By contrast, with no overarching big bad setting their stamp on proceedings, FMA has the space and opportunity to present a plot that is fashioned out of the competing goals of many players: Ed and Al trying to get their bodies back; Lust and the other homunculi trying to find their humanity; Bradley and Mustang competing for the rule of Amestris; Dante and Hohenheim desperate to stop the decay of their supposedly immortal bodies; Shou Tucker to continue researching; Maes Hughes trying to find an ideal to live by after the horrors of the Ishvalen War. Because everyone has their reasons everybody is compromised in ways that just don't happen in FMB.


Hawkeye and Mustang: where are his "military in miniskirt" type comments?

An obvious example in FMA is how, despite the Elric brothers learning how wrong it is to try human transmutation, at the end they try it again. Or Hohenheim: in FMB he is essentially a kindly soul; in FMA he is both sinister and sympathy inducing. That moral ambiguity; the understandably human weaknesses motivating the characters, is what makes FMA something more than merely a shounen action series. It follows therefore that most of the characters are less interesting in FMB, simply because their motivations are more straightforward. While the brothers are as endearing as ever, several of the better characters from the first series ended up diminished in the second: Hawkeye, Mustang (who has nothing to match his memorable one-liners from FMA), Maes Hughes, Lust and Izumi Curtis. Apart from Winry accompanying the Elrics more than she did in the first series, all the previous female characters have declined in agency and in the significance of their roles. Happily this is remediated by the wonderful Olivier Mira Armstrong, my favourite character of FMB. Her in-your-face aggressive honesty is never less than highly entertaining. FMA's Dante is a better villain than Our Father because she is human, desperate and earns some sympathy from us. Our Father is just plain bad and ridiculous.


Olivier Mira Armstrong: there's no choice but to like her.

Another thing FMB gets wrong is there are altogether too many philosopher's stones littering the narrative landscape. It reduces their value, their ability to induce awe in the viewer, and the fridge horror involved in their creation. This leads FMB to be entrapped in the Gurren Lagann Syndrome - too many climaxes leading to their devaluation as entertainment, then trying to compensate by making the next climax even bigger, mostly to little effect. (I'd call it the Gainax Syndrome but that describes something else, although I do think the two are related. One of the reasons Gainax series fall over at the end is that the Gurren Lagann Syndrome has left them with nowhere to go.) And, because FMB goes at such a breakneck pace, it never has the emotional impact of the most memorable moments in the first season, particularly the death scenes spoiler[(Ed and Al's mother, Nina, Maes Hughes, Lust and Sloth being the stand-outs)].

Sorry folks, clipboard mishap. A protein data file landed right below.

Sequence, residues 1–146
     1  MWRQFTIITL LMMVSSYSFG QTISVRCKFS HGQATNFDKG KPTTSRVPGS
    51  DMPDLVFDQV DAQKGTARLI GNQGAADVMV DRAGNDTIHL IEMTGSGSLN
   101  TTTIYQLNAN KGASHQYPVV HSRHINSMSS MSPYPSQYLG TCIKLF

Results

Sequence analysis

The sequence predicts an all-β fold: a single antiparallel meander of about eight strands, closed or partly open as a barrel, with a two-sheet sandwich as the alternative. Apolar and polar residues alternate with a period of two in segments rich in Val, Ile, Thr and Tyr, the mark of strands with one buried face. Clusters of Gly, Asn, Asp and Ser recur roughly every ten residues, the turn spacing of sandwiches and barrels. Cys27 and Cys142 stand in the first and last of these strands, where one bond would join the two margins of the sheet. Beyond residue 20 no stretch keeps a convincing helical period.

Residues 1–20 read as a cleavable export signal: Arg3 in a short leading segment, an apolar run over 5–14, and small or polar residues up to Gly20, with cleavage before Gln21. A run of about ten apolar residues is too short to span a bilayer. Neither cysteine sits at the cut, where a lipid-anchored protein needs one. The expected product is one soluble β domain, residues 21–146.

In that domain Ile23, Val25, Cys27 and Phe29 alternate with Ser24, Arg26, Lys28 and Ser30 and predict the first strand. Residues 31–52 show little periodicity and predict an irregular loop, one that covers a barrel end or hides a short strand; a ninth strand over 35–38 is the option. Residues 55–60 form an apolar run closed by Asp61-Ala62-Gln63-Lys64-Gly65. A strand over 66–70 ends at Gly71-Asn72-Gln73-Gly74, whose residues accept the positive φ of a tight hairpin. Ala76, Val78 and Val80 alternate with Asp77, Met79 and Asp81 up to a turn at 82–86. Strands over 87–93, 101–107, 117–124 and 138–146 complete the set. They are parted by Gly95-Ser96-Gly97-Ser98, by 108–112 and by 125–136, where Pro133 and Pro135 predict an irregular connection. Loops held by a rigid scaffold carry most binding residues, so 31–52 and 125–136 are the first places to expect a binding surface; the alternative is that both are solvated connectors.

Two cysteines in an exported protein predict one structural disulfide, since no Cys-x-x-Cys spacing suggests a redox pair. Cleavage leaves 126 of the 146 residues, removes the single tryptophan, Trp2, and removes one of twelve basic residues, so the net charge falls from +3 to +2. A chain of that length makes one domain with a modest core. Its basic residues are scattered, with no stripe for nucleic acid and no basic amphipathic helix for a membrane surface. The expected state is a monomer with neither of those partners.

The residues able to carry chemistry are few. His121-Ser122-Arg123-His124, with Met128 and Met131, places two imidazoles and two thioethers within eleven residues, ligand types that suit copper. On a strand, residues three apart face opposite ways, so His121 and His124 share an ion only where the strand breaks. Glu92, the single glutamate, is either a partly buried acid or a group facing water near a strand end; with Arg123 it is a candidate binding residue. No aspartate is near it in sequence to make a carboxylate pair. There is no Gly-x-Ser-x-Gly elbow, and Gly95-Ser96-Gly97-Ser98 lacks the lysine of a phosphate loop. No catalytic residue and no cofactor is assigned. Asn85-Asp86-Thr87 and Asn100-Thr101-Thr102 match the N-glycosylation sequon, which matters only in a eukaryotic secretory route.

The origin of the homunculi is much more disturbing in FMA, even if each creation is something of a plot hole. (How is that, in every case, the alchemist abandons the loved one they are trying to recreate? How is that Dante knows of their creation each time? How does she/he get to the location in time to regenerate them? How does she/he whisk them away with nobody noticing or wondering what happened to the remains? None of these things are ever explained. Perhaps I'm missing something.) Because of their connection to the alchemists the situation is, yet again, more ambiguous, more disturbing. It adds gravitas to the homunculi's search for the meaning of their existence, something that is completely absent in the newer series.


Lust: diminished in FMB.

So far I've been mostly dumping on FMB. It does some things better. Despite being thirteen episodes longer, all episodes lead to the conclusion, unlike the numerous episodes in the first season that could easily be excised. It is also more economical in its storytelling so that it doesn't dwell too long in its more mundane moments - I suppose that's the flipside of the breakneck speed coin. Mind you, while FMA became a chore to watch in its middle episodes it picks up in the last third, getting better and better. FMB, by way of contrast, doesn't flag as such but, being a simpler shounen anime, it is, when all is said and done, about the fighting. I don't watch anime for fights, and that's pretty much all the last fifteen or twenty episodes are - one fight after another. Combine that with the aforementioned Gurren Lagann Syndrome and those episodes were a chore for me to get through, every bit as much as the filler episodes of FMA.

FMB does improve on one of the already notable things about FMA. The vast array of characters is even bigger and all the new characters are as distinctive as those we already know. Indeed, FMB frequently trades on us knowing the characters - cue Mustang and Hawkeye. If FMA didn't exist, FMB would have had to spend more of its available time familiarising us with several of the characters. Some of the new characters are pearls: Olivier Armstrong, May Chang, Fu, Lan-Fan and Ling to name them. Other characters are enhanced: Fuhrer Bradley, Kimblee as already mentioned, Gluttony and Winry, who gets to do more. I suppose it must be said that Selim Bradley gets a much larger role, even if in the original his role is tragically ironic. While the transformation of Scar is satisfying I actually think his role in FMA was more interesting. It's a trade-off in his case.